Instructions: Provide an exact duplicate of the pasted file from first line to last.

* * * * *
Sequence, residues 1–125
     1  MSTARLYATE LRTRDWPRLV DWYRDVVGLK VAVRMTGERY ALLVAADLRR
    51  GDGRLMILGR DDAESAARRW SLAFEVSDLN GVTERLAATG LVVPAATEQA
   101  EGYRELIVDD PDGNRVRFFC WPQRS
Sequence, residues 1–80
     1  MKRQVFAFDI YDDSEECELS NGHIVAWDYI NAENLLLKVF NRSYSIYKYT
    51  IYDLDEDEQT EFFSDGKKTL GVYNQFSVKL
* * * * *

Sequence, residues 1–125
     1  MSTARLYATE LRTRDWPRLV DWYRDVVGLK VAVRMTGERY ALLVAADLRR
    51  GDGRLMILGR DDAESAARRW SLAFEVSDLN GVTERLAATG LVVPAATEQA
   101  EGYRELIVDD PDGNRVRFFC WPQRS
Sequence, residues 1–80
     1  MKRQVFAFDI YDDSEECELS NGHIVAWDYI NAENLLLKVF NRSYSIYKYT
    51  IYDLDEDEQT EFFSDGKKTL GVYNQFSVKL